Advanced Case Debriefing Workshop:
A format for existing threat assessment teams
to maximize their continuing learning and growth.
Have you had training from experts, including perhaps from us? Have you attended conferences and bench-marked with other threat assessment practitioners and organizations? What’s next?
Consider a private workshop in which your threat assessment team prepares your own case presentations and then engages with us in a technical debriefing.
The best lessons and insights for you and your team ultimately come from your own case experience. If you include outside threat assessment experts to consult on cases, you hopefully learn even more from their perspective and contribution.
We have practiced post-case debriefs for years and are increasingly recommending it. The cases may still be active, but are more often considered resolved or inactive.
Among its advantages, this format illuminates the nuances in assessment strategies and case management that are particular to an individual organization, its culture and its inhouse practitioners. We can personalize teaching points and go beyond what is accomplished in general threat assessment workshops or public trainings. Discussing your own cases also provides a great way to improve assessment skills using the WAVR-21 V3.
The workshops are usually a full day and may include up to five or more cases that the team has prepared. In-depth discussion typically identifies obstacles and opportunities at various levels and how an organization’s threat management program and protocol may be improved.
Threat assessment consists of general principles, but threat scenarios present a wide variety of individual differences – in subjects of concern, targets and their expectations, and work environments and topography – calling for flexibility in response and selected interventions.
Threat assessment teams in organizational settings ideally meet regularly to discuss new and ongoing cases. But they rarely get an opportunity for a “retreat” with an expert to delve more deeply into their more challenging cases and the inherent “lessons learned” opportunities such exercises offer.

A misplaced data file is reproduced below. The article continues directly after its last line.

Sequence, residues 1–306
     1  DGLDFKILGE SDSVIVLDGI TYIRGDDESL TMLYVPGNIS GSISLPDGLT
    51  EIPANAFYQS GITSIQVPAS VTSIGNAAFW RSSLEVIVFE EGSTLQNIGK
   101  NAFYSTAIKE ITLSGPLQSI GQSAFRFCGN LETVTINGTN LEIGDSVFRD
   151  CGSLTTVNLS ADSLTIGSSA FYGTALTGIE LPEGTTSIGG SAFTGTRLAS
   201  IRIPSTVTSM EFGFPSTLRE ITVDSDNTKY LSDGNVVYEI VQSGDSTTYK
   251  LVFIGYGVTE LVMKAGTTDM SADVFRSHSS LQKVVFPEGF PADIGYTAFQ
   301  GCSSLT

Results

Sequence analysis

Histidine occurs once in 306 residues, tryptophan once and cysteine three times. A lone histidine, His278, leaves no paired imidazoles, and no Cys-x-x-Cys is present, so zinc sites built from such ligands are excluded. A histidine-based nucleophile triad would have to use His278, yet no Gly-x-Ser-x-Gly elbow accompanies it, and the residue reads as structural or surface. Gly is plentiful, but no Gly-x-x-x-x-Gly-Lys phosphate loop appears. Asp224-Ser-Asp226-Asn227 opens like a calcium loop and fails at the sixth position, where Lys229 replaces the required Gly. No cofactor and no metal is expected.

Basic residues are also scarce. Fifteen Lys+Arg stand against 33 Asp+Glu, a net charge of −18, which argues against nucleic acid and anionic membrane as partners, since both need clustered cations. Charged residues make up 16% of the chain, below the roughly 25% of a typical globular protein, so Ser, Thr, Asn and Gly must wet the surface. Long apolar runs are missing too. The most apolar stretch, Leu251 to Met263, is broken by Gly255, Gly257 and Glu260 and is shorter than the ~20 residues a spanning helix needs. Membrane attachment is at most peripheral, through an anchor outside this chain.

- Typical issues that teams address or recognize in their case presentations:
- Disagreements on opinion of risk among team members
- Information silos: Strategies to identify and collect useful data
- Recognizing bias errors and process flaws such as “disciplinary drift”
- Interviewing strategies with different kinds of subjects, for example individuals that are paranoid, very litigious, intimidating, or suicidal
- Identifying the possible unintended consequences of actions taken in a given case
- Communicating findings and managing fear, especially when a team’s objective opinion of risk differs from concerned clientele
- Managing one’s own emotions and personal concerns as a team member
- Identifying thresholds for appropriate engagement of threat assessment experts
- How different cases would be coded on the WAVR-21, and how to weigh and integrate findings
The critiques and discussions are conducted respectfully, as we offer teaching points and raise questions for attendees’ consideration. Threat assessment lives on information and collaboration. Attendees often come to recognize how collecting more reasonably available information leads to better-informed case management decisions.
As an alternative to in-person workshops, webinars can be arranged, and are especially effective if scheduled periodically. We emphasize that the advanced case debriefing workshops are best suited for existing teams that have had some basic training in threat assessment and have some demonstrated experience working together.
The Threat Assessment, Prevention, and Safety Act of 2018
As many of you may know, this bill in the House of Representatives (HR 6664
) is slowly moving forward, and outlines the beginning of a national strategy for threat assessment and management as a standard of practice. The bill is supported by many bipartisan sponsors in the House.
Your organization can help by formally endorsing this bill with a public letter of support. With organizational endorsements from institutions of higher learning, corporations, and other entities, the bill can become law.
The bill will direct a DHS Task Force to recommend a national strategy for preventing targeted violence through threat assessment and management, with grants then being awarded to establish community-based units for implementing the national strategy.
Dr. Reid Meloy has been very involved in assisting with the legislation. If you or your organization are interested in helping with a letter of endorsement
, please contact Reid (firstname.lastname@example.org
), and he can fill you in on the relatively simple next steps.
Make no mistake, this is truly a much-needed and long-awaited step forward. The legislation is informed – it reflects an understanding of targeted violence dynamics and thus meaningful and practical ways to prevent it at all levels of awareness and intervention.
You can show your stakeholders what the bill is about with this YouTube video by its author, Congressman Brian Babin: click here to view video